Relationships between asset managers and their clients are inherently based on trust. Investors are often left in the dark as to what actually goes on behind closed doors.

Relationships between asset managers and their clients are inherently based on trust: investors are often left in the dark as to what actually goes on behind closed doors. Indeed, depending on the asset manager, they may provide less transparency on aspects of their operational framework than on their investments. Getting a sufficiently accurate picture involves carrying out targeted questionnaires, reviewing policies, checking internal control reports, examining financial statements, understanding procedures, questioning relevant teams, and even engaging with management to implement improvements.

Moreover, the uncomfortable truth is that there is no perfect control framework for an asset manager. Even in the best-case scenario, operational due diligence does still involve accepting an element of ‘known unknowns’ and, where relevant, ensuring that the investor does not bear the brunt of prospective damage (through, for example, negotiated provisions within the Investment Management Agreement).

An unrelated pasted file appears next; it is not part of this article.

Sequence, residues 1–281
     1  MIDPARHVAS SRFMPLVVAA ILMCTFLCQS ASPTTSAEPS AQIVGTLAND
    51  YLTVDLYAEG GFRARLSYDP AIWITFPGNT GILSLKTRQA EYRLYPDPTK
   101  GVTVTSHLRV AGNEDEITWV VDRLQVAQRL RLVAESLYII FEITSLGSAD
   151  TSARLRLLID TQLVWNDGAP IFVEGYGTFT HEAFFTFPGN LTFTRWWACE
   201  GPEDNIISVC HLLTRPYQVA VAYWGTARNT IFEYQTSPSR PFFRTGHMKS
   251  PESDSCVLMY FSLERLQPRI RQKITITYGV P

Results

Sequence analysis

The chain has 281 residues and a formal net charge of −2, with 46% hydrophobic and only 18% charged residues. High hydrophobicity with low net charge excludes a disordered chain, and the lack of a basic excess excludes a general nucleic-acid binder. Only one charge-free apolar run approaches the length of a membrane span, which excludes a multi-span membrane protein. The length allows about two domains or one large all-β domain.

ODD challenges are changing

Today, three notable trends are making operational due diligence of external asset managers increasingly challenging for the typical institutional investor. The first, of course, is the much-discussed and evolving cyber threat, which is testing all players in the investment industry. The second is the rise of ESG, which is creating new risks around the claims and labels that asset managers apply to their strategies and businesses: the SEC in the US has already showcased its willingness to clamp down, with the USD $4 million fine for GSAM representing a particularly high-profile example. The third, and perhaps the most interesting day-to-day challenge for those involved in ‘ODD,’ is the long-term shift in favour of ‘non-traditional’ investments with greater use of alternative or even emerging investment managers.